I had a LOT of milk when DS was first born, but he was only drinking about 30 ml (1 oz) per feeding, every three hours, so I had quite a stockpile of milk in my freezer once he started nursing exclusively and we were done with fortifying milk in bottles! I donated it through Milkshare, and it was a really wonderful experience. I was rejected from donating to milk banks since I have to be on hypertension meds, and banks can be really, really selective, so milk containing ANY medications (even safe ones!) was rejected. I think I actually preferred the Milkshare experience! I know and got to select the families who got my milk, which was really hard when there are so many needy babies, but great when you've decided. I've got pictures of my milkbabies and am still in touch with one of the moms. I got to donate to 2 sets of twins, both former preemies, which was great. I loved it, and still do whenever I get updates on my milkbabies.
I did get blood work done just for the families' peace of mind, so I could send them the report showing that I'm HIV negative along with the milk. I know that I would want that as a Mama!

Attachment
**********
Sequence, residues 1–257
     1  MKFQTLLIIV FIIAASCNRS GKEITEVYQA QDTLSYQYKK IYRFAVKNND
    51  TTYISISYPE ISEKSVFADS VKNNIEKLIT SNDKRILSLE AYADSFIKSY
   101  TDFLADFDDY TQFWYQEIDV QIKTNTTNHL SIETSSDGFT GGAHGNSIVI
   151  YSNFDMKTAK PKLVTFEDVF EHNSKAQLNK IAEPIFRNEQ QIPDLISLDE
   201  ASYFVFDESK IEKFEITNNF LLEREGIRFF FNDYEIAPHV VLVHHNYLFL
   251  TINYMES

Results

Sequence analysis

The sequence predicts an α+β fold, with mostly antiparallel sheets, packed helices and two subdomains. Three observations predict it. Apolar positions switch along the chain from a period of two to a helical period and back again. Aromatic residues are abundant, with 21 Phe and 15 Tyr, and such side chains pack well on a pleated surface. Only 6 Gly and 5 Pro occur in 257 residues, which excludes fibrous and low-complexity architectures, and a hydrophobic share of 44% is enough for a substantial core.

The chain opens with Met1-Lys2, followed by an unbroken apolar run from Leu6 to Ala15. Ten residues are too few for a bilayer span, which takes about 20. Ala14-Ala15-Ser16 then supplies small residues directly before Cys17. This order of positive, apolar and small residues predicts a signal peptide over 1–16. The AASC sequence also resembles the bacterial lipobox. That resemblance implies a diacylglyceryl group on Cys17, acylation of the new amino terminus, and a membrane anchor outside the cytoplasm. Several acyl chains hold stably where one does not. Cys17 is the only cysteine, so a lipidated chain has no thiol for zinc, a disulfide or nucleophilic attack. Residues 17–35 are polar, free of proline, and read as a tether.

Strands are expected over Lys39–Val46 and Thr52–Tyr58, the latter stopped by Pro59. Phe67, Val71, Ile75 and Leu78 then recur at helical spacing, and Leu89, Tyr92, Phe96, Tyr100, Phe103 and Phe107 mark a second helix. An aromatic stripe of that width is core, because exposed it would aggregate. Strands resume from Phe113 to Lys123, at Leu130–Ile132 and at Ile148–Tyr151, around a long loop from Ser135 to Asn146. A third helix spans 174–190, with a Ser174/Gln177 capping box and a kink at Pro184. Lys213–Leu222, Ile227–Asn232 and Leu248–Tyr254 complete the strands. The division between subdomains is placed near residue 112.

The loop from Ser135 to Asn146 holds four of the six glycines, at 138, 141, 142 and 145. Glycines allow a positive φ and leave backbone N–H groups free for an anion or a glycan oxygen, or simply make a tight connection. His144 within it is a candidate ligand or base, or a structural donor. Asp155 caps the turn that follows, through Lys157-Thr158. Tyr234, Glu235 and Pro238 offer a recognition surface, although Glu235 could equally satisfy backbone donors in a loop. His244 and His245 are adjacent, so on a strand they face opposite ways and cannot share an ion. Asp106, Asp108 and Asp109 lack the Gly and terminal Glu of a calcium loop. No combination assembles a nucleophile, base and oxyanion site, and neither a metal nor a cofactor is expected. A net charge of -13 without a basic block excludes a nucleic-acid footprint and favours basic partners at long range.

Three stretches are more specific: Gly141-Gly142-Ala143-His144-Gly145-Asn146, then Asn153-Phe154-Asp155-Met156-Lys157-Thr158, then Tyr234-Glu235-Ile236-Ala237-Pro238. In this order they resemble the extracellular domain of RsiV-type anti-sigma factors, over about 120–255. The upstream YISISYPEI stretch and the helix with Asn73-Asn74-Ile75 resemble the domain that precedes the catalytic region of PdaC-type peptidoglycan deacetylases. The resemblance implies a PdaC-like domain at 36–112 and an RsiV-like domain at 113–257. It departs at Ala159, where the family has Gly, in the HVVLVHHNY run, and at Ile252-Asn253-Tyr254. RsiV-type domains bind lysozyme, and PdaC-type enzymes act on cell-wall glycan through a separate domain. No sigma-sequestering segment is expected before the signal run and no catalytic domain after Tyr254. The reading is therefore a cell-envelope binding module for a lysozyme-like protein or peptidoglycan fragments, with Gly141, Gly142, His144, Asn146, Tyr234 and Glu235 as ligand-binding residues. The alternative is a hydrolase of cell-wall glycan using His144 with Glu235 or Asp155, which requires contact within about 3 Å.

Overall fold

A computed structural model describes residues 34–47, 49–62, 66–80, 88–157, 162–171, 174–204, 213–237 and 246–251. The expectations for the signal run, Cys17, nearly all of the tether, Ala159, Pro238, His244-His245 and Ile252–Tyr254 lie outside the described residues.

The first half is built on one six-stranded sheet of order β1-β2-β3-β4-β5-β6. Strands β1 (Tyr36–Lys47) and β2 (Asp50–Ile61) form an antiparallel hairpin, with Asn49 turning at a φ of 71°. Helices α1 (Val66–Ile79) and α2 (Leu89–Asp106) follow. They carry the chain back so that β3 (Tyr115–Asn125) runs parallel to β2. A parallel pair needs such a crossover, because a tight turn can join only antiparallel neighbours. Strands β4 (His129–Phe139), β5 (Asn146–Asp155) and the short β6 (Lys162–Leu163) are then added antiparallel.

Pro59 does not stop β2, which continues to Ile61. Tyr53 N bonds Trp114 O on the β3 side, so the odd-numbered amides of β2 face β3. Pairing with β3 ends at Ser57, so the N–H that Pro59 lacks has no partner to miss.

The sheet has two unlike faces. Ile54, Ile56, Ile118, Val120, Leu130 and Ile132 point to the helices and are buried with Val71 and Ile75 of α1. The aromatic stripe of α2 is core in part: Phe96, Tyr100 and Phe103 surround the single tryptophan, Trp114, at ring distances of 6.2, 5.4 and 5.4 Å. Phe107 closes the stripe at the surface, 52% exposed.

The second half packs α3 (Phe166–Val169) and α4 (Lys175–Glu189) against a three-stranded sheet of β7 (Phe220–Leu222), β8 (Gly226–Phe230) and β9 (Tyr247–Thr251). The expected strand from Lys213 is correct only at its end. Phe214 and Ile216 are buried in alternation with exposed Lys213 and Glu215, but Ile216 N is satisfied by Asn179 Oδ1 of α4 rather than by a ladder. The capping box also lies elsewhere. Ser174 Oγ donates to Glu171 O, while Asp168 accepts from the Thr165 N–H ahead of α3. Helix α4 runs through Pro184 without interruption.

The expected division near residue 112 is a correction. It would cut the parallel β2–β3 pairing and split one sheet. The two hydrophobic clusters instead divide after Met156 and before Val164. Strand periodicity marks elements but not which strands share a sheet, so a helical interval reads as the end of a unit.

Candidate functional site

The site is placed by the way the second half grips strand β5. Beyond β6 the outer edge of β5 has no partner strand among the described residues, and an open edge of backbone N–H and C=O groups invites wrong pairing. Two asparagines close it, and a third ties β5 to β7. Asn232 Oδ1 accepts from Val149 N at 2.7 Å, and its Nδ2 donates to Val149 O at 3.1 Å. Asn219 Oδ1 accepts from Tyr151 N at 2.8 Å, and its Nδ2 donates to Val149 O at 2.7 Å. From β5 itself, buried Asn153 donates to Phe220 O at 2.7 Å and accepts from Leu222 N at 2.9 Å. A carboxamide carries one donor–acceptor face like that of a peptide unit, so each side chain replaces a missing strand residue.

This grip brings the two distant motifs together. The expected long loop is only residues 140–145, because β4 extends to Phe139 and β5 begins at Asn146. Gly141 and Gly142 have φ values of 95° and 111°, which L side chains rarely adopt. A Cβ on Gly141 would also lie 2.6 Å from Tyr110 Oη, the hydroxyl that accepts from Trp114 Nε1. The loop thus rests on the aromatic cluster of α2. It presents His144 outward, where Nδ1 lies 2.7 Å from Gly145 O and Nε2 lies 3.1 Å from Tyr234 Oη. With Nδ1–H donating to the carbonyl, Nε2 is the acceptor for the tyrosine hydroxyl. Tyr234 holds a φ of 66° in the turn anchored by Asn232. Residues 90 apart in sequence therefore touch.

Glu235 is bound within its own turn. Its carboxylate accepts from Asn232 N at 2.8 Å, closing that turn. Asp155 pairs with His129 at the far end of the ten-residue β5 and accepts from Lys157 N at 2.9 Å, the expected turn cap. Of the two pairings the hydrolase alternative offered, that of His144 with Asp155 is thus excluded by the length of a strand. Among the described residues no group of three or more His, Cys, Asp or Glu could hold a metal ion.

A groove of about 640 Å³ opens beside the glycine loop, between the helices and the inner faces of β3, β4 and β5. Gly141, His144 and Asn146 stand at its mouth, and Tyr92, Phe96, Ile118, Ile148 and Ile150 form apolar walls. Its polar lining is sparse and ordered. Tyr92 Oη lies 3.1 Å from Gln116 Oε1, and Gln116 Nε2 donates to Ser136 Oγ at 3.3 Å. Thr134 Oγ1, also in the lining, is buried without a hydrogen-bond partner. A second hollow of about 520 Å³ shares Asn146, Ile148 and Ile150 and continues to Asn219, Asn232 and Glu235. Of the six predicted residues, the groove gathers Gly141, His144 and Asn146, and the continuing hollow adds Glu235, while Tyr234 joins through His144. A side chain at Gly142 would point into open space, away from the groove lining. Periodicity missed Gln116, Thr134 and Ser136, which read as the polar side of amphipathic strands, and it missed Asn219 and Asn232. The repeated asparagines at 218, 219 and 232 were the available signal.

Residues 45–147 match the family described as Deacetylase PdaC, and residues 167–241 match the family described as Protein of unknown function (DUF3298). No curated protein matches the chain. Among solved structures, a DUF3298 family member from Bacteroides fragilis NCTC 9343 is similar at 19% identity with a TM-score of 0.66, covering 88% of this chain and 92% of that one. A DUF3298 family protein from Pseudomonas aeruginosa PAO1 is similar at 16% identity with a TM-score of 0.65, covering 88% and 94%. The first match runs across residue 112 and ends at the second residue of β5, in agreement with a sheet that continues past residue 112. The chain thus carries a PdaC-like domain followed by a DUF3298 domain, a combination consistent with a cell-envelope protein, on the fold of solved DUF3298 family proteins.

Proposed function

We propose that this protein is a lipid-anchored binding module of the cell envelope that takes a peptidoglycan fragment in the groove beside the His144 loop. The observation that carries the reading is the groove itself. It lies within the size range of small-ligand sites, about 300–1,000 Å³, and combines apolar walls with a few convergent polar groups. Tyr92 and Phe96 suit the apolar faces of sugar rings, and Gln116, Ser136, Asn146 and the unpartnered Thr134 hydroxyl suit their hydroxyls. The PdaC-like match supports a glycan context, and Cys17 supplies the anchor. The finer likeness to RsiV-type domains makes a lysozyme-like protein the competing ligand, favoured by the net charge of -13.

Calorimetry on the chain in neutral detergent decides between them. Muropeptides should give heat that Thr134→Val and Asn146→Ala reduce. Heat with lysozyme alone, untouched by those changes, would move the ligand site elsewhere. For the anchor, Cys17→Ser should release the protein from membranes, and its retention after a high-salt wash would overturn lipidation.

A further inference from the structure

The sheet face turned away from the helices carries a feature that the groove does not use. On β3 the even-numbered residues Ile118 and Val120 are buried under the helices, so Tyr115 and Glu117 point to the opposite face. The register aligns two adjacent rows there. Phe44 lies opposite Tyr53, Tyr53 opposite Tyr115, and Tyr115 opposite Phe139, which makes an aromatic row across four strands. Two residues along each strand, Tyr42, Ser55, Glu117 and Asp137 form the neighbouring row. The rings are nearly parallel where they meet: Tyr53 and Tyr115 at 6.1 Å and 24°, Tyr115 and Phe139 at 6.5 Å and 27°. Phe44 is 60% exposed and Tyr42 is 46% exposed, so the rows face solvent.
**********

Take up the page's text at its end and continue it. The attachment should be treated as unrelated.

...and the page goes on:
I'll be tandem nursing DS and New Baby, so it'll be a while, but I will definitely be donating again. I'll probably start pumping 2 or 3 times a day when New Baby is around 18 months or so, storing the milk, donating it when I have enough to make it worth the shipping costs for the family. I love donating milk, but also want to keep up a supply because we intend to adopt in the future, and relactating is way harder than building up a supply. And, I'll admit it, I love having the boobs that come with lactating, and will keep them as long as possible - and if I can help a baby in the bargain, so much the better
ETA: Most of the families I became familiar with on Milkshare were thrilled with a one-time donation - there was no pressure to become a constant supplier of milk for their babes if you didn't want to! They do ask for 100 oz or more, because it's really expensive to ship (has to be overnighted, and packed with dry ice), so I think one-time donations are fairly common.